Are staffing employees protected from discrimination under the law?

temp agencyIn general, an employment agency is defined by Title VII as any person who regularly undertakes to procure employees for an employer, or to procure employment opportunities for an employee; the definition includes an agent of such a person.

EEOC Notice Number 915.002 provides public guidance as to issue of whether a staffing employee is protected from discrimination at the workplace that the employee is sent to.  The EEOC clearly holds that “staffing firm workers are generally covered under the anti- discrimination statutes.  This is because they typically qualify as “employees” of the staffing firm, the client to whom they are assigned, or both.”

A staffing agency must place applicants with any particular client in a non discriminatory manner.  The client was must treat the worker in a non discriminatory manner.  If the staffing firm learns of any particular violations, the staffing firm must take corrective action immediately.

The EEOC guidance clarifies any ambiguity with following statement:  “Staffing firms may assume that they are not responsible for any discrimination or harassment that their workers confront at the clients’ work sites.  Similarly, some clients of staffing firms may  assume that they are not the employers of temporary or contract workers assigned to them, and that they therefore have no EEO obligations toward these workers.  However, as this guidance explains, both staffing firms and their clients share EEO responsibilities toward these workers.”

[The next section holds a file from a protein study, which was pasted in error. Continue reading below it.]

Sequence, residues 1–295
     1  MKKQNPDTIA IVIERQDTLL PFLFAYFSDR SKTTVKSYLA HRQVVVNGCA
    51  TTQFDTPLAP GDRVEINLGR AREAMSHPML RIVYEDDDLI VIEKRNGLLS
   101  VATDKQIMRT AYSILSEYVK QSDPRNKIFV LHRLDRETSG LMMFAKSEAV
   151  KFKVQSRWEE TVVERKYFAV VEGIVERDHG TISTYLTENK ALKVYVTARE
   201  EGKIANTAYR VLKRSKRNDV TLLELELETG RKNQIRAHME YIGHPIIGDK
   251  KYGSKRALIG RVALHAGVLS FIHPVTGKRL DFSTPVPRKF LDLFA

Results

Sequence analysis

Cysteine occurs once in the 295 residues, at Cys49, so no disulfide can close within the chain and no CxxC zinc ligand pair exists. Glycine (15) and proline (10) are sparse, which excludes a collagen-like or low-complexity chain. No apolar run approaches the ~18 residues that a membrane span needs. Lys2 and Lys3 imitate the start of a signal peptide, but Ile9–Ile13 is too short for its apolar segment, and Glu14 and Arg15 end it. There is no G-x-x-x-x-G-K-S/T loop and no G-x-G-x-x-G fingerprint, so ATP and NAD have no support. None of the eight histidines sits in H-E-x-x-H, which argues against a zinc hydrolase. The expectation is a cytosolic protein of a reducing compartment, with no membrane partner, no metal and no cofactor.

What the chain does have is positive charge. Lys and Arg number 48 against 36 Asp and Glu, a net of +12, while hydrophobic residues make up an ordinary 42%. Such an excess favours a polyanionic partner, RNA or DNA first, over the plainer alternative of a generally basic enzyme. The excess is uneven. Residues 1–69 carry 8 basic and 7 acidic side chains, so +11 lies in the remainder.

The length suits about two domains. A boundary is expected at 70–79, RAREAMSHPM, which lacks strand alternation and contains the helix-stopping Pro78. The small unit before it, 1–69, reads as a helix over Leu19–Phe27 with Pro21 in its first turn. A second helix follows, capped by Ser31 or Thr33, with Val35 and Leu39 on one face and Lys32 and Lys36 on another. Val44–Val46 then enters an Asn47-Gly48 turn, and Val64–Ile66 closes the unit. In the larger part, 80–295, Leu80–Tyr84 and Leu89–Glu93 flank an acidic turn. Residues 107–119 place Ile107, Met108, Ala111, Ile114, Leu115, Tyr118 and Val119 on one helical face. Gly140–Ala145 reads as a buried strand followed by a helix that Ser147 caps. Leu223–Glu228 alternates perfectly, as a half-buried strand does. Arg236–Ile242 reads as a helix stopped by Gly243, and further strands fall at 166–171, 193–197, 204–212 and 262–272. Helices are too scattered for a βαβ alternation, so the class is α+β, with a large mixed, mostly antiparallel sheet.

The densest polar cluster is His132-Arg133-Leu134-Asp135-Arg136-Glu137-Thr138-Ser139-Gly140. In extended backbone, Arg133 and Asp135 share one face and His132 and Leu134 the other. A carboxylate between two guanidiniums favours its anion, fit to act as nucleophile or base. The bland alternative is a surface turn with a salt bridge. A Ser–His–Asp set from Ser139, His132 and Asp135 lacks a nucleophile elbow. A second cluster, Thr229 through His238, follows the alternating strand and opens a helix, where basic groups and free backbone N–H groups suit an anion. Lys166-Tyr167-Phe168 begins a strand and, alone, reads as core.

Are staffing firm workers “employees” within the meaning of the federal employment discrimination laws?  Yes. 

The worker is a covered employee under the anti-discrimination statutes if the right to control the means and manner of her work performance rests with the firm and/or its client rather than with the worker herself.

Is a staffing firm worker who is assigned to a client an employee of the firm, its client, or both? Most often both.

If both the staffing firm and its client have the right to control the worker, and each has the statutory   minimum number of employees, they are covered as  “joint employers.”

Which workers are counted when determining whether a staffing firm or its client is covered under Title     VII, the ADEA, or the ADA? The staffing firm and the client each must count every worker with whom it has an employment relationship.


About Roland

Roland was born in Nashville, Tennessee and raised in Mt. Juliet, Tennessee. The first few years he resided in Paris, France with his mother who was French. In Hendersonville, he attended Beech Senior High School where played soccer and studied in the honors curriculum. Subsequently, he pursued two majors in political science and economics while graduating in three years.

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